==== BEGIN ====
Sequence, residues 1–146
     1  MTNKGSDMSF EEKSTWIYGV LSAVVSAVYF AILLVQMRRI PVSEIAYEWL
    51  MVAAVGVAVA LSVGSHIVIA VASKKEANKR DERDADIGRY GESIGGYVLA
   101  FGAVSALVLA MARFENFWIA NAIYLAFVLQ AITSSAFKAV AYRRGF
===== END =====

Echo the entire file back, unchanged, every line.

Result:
Sequence, residues 1–146
     1  MTNKGSDMSF EEKSTWIYGV LSAVVSAVYF AILLVQMRRI PVSEIAYEWL
    51  MVAAVGVAVA LSVGSHIVIA VASKKEANKR DERDADIGRY GESIGGYVLA
   101  FGAVSALVLA MARFENFWIA NAIYLAFVLQ AITSSAFKAV AYRRGF